The most recent unemployment numbers from the Wisconsin Department of Workforce Development, Office of Economic Advisors, are some of the lowest that Northwest Wisconsin has seen in nearly two decades. This data for October states that Northwest Wisconsin’s unemployment rate is 3.3 percent, below the United States’ rate of 3.9 percent. As businesses continue to grow and expand, it is becoming more and more challenging for them to find workers with the skills they need to fill open positions. This is not a problem unique to Northwestern Wisconsin. Statewide, employers are struggling to meet their growing workforce demands.
High growth occupations, for the most part, require advanced training or schooling beyond a high school diploma. To have a competitive edge in the job market, many job seekers looking to update their skills think the only options available are to obtain a two- or four-year college degree, but that is not the case. Technical colleges and universities have short-term credentials, certificate programs, technical diplomas and other training available to assist individuals in obtaining employment or climbing the career ladder more quickly than the traditional two- or four-year path. The Wisconsin Technical College system has a number of career pathways available that allow individuals to earn a credential by taking a few courses at a time. With each “stack” of related courses that are completed, individuals can choose to earn more advanced certificates, diplomas or degrees, or enter into the job market after completing one of these programs. Another exciting option is apprenticeship. It provides a way for an individual to earn while they learn and provides employers with a dedicated, interested employee who is available to work immediately and will receive their instruction along the way. There is a plethora of apprenticeships in Wisconsin and many outside the traditional occupations that one may associate with apprenticeship.
In order to effectively and efficiently meet employer needs, short-term training is quickly becoming the norm. Recognizing the needs of industries critical to Northwest Wisconsin’s economy, the Northwest Wisconsin Workforce Investment Board (NWWIB) has focused on coordinating and providing short-term trainings to job seekers and incumbent workers to assist them in developing their skill set. These short-term trainings are created through a collaborative process with business and industry where a curriculum is developed that will produce a workforce with the skills needed for the job.Two of the industries the NWWIB is focusing on are construction and retail/hospitality.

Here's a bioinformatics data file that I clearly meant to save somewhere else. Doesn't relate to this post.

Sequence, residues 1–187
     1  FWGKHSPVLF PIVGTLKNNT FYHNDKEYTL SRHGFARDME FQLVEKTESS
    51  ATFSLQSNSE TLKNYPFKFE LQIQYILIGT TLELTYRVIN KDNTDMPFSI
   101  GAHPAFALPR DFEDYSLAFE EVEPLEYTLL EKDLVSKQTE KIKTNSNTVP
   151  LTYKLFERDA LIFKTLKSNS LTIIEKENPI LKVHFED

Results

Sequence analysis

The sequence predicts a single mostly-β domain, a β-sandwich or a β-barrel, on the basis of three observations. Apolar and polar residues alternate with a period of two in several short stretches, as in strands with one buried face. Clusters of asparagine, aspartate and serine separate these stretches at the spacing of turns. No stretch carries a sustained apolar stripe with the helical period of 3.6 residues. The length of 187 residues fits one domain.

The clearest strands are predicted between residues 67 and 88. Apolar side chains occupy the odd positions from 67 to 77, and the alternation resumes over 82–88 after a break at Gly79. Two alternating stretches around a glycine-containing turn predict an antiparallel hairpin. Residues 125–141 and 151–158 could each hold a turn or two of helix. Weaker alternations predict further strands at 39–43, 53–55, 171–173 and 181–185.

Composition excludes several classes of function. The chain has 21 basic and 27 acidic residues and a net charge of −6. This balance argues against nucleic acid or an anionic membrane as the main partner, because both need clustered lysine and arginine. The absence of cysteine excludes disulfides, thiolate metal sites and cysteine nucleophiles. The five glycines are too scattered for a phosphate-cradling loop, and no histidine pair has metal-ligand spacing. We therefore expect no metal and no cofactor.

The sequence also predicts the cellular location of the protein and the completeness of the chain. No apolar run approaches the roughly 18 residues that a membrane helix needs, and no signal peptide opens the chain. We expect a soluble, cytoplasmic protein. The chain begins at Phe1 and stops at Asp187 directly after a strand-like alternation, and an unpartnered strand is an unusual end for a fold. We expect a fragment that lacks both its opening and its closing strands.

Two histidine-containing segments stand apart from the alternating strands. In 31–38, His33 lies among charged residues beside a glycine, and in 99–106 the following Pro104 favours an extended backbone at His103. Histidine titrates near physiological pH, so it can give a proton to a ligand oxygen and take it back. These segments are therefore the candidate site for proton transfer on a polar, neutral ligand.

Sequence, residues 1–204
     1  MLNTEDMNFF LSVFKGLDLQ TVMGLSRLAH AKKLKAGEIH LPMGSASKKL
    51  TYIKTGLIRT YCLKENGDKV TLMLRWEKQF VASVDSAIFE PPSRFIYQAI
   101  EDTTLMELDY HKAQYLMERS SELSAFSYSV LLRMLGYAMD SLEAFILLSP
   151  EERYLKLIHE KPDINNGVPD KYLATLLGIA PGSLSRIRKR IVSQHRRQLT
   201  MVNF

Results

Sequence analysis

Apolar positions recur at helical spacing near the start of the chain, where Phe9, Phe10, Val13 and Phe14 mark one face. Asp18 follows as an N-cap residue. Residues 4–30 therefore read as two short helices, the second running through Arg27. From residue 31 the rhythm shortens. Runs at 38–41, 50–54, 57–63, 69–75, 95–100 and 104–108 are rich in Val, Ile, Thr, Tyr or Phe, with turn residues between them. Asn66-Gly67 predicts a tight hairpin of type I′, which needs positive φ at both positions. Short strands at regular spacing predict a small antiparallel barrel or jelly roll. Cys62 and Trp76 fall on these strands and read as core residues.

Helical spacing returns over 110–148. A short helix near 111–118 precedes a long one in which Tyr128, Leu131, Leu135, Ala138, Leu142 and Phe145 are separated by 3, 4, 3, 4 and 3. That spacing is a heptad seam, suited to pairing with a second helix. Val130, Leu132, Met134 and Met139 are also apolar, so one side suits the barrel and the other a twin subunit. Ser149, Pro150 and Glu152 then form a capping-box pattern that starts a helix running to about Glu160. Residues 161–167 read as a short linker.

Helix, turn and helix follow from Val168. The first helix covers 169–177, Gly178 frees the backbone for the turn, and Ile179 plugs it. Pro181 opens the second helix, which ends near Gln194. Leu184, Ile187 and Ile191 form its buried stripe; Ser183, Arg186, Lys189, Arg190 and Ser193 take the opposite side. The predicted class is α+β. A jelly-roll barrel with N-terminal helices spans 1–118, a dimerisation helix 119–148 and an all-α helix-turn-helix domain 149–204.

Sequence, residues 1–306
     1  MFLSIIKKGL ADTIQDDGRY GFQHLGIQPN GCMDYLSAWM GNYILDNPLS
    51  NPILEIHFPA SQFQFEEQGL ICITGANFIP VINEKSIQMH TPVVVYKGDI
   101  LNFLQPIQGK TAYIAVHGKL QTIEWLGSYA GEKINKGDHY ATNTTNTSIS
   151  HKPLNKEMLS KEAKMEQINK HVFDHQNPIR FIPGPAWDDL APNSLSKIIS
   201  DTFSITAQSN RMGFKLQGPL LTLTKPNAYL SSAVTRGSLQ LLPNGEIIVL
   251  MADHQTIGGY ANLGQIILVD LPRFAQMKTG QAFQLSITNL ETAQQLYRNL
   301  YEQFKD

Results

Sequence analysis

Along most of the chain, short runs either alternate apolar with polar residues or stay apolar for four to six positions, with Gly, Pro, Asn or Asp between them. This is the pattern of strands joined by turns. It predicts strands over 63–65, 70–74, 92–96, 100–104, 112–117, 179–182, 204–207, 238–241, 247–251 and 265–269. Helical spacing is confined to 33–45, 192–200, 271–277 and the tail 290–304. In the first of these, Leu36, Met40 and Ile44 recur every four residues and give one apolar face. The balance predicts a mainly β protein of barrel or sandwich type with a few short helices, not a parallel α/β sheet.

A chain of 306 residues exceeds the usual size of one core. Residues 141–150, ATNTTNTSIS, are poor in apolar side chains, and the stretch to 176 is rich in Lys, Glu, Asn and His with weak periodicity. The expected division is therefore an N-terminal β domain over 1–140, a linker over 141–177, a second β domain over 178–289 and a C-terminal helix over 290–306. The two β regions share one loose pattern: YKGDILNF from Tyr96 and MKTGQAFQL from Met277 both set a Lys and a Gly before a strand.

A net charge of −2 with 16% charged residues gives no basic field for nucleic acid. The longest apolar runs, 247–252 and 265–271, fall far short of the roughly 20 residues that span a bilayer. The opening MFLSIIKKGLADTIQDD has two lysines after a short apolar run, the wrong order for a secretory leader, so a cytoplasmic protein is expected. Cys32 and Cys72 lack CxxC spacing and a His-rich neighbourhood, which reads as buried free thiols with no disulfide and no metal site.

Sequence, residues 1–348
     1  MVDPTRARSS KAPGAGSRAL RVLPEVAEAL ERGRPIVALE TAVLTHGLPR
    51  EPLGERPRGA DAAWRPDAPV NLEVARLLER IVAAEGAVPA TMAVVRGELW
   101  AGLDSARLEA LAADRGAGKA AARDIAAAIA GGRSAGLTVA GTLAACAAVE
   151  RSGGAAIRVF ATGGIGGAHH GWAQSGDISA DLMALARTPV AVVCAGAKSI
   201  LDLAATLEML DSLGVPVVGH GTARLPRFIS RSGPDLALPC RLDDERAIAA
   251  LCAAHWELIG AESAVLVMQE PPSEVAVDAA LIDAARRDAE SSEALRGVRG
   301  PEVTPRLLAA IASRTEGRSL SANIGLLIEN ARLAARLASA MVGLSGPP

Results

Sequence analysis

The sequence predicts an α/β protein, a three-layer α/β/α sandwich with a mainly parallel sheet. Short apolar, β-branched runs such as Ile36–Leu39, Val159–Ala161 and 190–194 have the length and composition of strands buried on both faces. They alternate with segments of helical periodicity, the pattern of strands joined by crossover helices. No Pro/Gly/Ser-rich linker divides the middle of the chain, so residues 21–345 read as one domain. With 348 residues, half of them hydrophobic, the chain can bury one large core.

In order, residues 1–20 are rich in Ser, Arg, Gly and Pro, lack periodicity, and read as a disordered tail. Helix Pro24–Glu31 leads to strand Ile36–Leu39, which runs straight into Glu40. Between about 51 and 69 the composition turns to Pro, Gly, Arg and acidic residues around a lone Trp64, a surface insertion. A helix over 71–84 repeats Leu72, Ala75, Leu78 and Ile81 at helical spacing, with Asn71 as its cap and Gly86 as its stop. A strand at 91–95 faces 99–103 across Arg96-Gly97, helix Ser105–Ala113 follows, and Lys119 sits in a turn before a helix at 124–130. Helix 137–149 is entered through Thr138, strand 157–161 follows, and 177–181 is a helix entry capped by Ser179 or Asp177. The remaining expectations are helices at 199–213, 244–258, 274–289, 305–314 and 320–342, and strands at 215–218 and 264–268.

In Spring of 2017, the NWWIB partnered with Wisconsin Indianhead Technical College to offer a Construction Essentials course. After gathering valuable feedback from employers, the course was modified to include OSHA Safety 10 training as well as CPR/AED/Basic First Aid certification. The new course, Construction Foundations, takes place over a 10-week period and provides participants with the knowledge and skills necessary for job success in the construction industry. In Construction Foundations, participants learn the basic fundamentals of construction framing and drafting along with print reading and math applications related to construction. Safety principles and the use of hand and power tools are also covered. After successfully completing the training, participants earn a Technical Certificate. Currently, a session of the training is taking place in Ashland with graduates from the course being ready to enter the job market in mid-February. Plans are already underway to expand this training to other parts of Northwestern Wisconsin. NWWIB and WITC will offer this same course during Spring 2018 in the Rusk County region.
Retail and hospitality are economic drivers in our region and the other focus sector in 2017. Throughout the past two years, the NWWIB has provided training for entry-level workers and jobseekers to increase their skills and ability to provide “quality” customer service. The curriculum is from the National Retail Federation’s Rise Up program, and those who complete the training are eligible to take an exam to receive a nationwide industry recognized credential. This curriculum is adaptable and has been used for job seeker short-term trainings and has been used to provide customized incumbent worker training as well. Given the popularity of this training and the demand for it from industry, the NWWIB will be kicking off another training series called the START program.
The START (Skills, Tasks and Results Training) programs offer flexible training and certification for in-demand hospitality positions. Some of the occupations training includes front desk representative, maintenance employee and restaurant server. The curriculum for these programs has been developed by the American Hotel and Lodging Educational Institute. The program presents concise skills instruction that shows participants how to perform key tasks correctly and consistently, along with training in the soft skills needed to be successful in a hospitality career. The NWWIB has partnered with the Ashland County Jail to offer the first short-term START course in kitchen cook with two cohorts scheduled to begin in early 2018.
For more information about NWWIB’s industry training initiatives, please contact Mary Lois Bolka, sector and strategies coordinator, at 715-682-9141, ext. 118 or email@example.com.
Melissa Rabska is operations and communications manager at NWWIB.